Co-written by Nadine Lock, People Officer and Gail Hughes, Health & Wellbeing Advisor (Tenovus Cancer Care)
With the cold nights drawing in surely we’re not the only ones who’ve gone into ‘hibernation mode’ and can easily find excuses why we’re letting our gym sessions slide. After all what’s the harm in it? There’s always tomorrow, right?
But how often do we find that tomorrow never comes? Slowly but surely time ticks by, the weight piles on and we feel sluggish and tired as we hunker down for the wintery months ahead. Our intentions of getting back on track seem to slip slowly through our fingers and soon enough we’re paying out for a monthly gym membership we just never use.
This time of year though is the start of ‘cold and flu season’, summer holidays are over, salad lunches have been replaced by hearty soups, stews and stodge and we’re all back at our desks brewing up cold and flu germs.
According to Frost and Black “Sickness absence from work is often unavoidable, but when unduly prolonged it is wasteful and damaging – to individuals and their families, employers and our wider society.” 1 So, we can see that an unhealthy lifestyle can have a big impact on us inside and outside of work.
Our body is a finely tuned machine which needs to be cared for properly whatever your age, although the earlier we start the better. Whilst we all own an amazing piece of kit which will generally put up with a little less attention than a Ferrari and still keep working, if we don’t service it regularly it’s likely to be in the garage more than we want or worse still in the scrap yard.
Modern life is busy, whether we are young or old, and there’s always a reason why we don’t think we have time to exercise, eat well or look after our health in general and getting sick is just par for the course. However, if we give some thought about how we can fit good health behaviours into our lives we could make wellness a normal part of things and really improve our overall lifestyle and how we function at work.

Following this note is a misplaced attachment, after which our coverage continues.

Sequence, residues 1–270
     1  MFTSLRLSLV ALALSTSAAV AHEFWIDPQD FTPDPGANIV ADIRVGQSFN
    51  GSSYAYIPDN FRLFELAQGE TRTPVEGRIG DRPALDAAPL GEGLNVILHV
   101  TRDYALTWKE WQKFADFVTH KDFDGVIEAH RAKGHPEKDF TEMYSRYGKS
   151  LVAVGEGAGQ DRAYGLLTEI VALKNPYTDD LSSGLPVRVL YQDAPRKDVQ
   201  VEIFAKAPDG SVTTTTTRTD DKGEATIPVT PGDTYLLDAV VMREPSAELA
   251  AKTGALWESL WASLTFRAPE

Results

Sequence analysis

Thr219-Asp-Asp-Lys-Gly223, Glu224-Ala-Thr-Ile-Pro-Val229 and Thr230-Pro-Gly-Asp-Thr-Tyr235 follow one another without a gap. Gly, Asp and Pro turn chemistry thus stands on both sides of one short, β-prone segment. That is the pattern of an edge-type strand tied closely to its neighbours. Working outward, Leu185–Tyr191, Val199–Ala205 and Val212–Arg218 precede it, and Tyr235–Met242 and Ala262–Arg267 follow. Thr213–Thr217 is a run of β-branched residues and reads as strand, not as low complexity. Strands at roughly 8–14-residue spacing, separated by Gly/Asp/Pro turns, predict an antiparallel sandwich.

Here’s the number crunching bit
The odd sick day from work is to be expected but what if these start stacking up? Surely our managers are going to start wondering what’s happening? And after a while wouldn’t you start to worry that there’s something bigger going on and it’s time to do something about it?
Human Resources industry markers of ‘good practice’ Xpert HR carried out surveys in 20152 looking at sickness absence in the UK workforce. They highlighted a pan UK business trend in increasing sickness absence levels and sickness absence costs:
As we can see the increase in costs and time lost because of sickness absence is definitely something we should all be aware of in economically challenging times and a new political landscape ahead of us.
So how does all of this relate to work?
Well, looking at it from an employer’s and wider point of view research findings around sickness absence across UK businesses tell us that:
- Sickness absence rates are increasing year on year across all sectors
- Sickness absence costs are increasing year on year for organisations and the government
- Sickness absence rates are highest in less physically demanding jobs in the public & health sectors (closely followed by the Third Sector) and lowest in the manufacturing sectors
- The larger the organisation the higher the sickness absence rate
- Organisations that monitor and record their sickness absence rates are more proactive in tackling sickness absence issues and take a preventative approach
- Long Term sickness absence (4 weeks or more continuous absence) is mainly attributed to musculoskeletal conditions and acute medical conditions i.e. cancer, diabetes, stroke & heart conditions and mental health issues such as stress, anxiety and depression
- There is a growing trend in UK organisations for Health & Wellbeing initiatives to combat long term sickness absence
Looking into the Stats
Long terms sickness absence levels are rising and affecting the national economy and labour workforce. We can look further into this to learn about action we could take to prevent certain conditions as much as we can. So it’s important for us to identify what the issues are as well as what we can do to support people who are not working due to long terms sickness.